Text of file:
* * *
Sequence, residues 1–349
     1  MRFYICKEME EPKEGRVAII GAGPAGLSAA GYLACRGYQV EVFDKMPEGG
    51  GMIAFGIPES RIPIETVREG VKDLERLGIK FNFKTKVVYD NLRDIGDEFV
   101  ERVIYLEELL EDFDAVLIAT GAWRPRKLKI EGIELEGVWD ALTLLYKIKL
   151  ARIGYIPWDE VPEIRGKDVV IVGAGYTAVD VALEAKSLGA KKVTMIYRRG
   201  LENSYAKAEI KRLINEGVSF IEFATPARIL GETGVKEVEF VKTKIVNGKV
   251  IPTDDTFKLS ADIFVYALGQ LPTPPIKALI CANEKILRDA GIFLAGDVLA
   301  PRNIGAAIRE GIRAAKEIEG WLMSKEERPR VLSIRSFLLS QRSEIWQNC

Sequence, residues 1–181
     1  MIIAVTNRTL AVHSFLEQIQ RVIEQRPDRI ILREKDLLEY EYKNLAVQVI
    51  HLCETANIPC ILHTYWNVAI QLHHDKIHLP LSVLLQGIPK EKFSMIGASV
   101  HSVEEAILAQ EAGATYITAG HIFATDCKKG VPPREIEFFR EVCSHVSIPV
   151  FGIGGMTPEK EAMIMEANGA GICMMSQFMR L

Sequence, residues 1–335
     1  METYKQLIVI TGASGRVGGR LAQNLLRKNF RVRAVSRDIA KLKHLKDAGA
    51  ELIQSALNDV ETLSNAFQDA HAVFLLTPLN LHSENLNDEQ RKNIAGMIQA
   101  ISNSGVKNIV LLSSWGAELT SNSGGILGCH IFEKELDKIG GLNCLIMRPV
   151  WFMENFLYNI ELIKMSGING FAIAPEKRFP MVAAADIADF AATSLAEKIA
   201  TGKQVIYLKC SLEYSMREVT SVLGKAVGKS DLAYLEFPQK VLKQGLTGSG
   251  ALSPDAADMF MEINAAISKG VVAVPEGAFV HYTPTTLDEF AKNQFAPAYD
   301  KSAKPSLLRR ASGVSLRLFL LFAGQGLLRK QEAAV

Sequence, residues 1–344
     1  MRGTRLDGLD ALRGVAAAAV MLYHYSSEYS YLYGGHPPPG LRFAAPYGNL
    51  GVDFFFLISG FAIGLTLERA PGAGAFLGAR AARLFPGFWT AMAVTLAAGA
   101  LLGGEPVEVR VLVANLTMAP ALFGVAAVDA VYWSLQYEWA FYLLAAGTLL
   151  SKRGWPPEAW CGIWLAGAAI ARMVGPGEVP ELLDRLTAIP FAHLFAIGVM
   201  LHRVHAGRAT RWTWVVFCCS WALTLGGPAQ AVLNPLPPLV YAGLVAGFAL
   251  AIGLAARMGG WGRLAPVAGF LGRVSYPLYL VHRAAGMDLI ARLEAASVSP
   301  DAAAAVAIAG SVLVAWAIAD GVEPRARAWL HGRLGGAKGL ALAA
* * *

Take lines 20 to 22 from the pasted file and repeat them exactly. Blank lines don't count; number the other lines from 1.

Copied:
   251  ALSPDAADMF MEINAAISKG VVAVPEGAFV HYTPTTLDEF AKNQFAPAYD
   301  KSAKPSLLRR ASGVSLRLFL LFAGQGLLRK QEAAV

Sequence, residues 1–344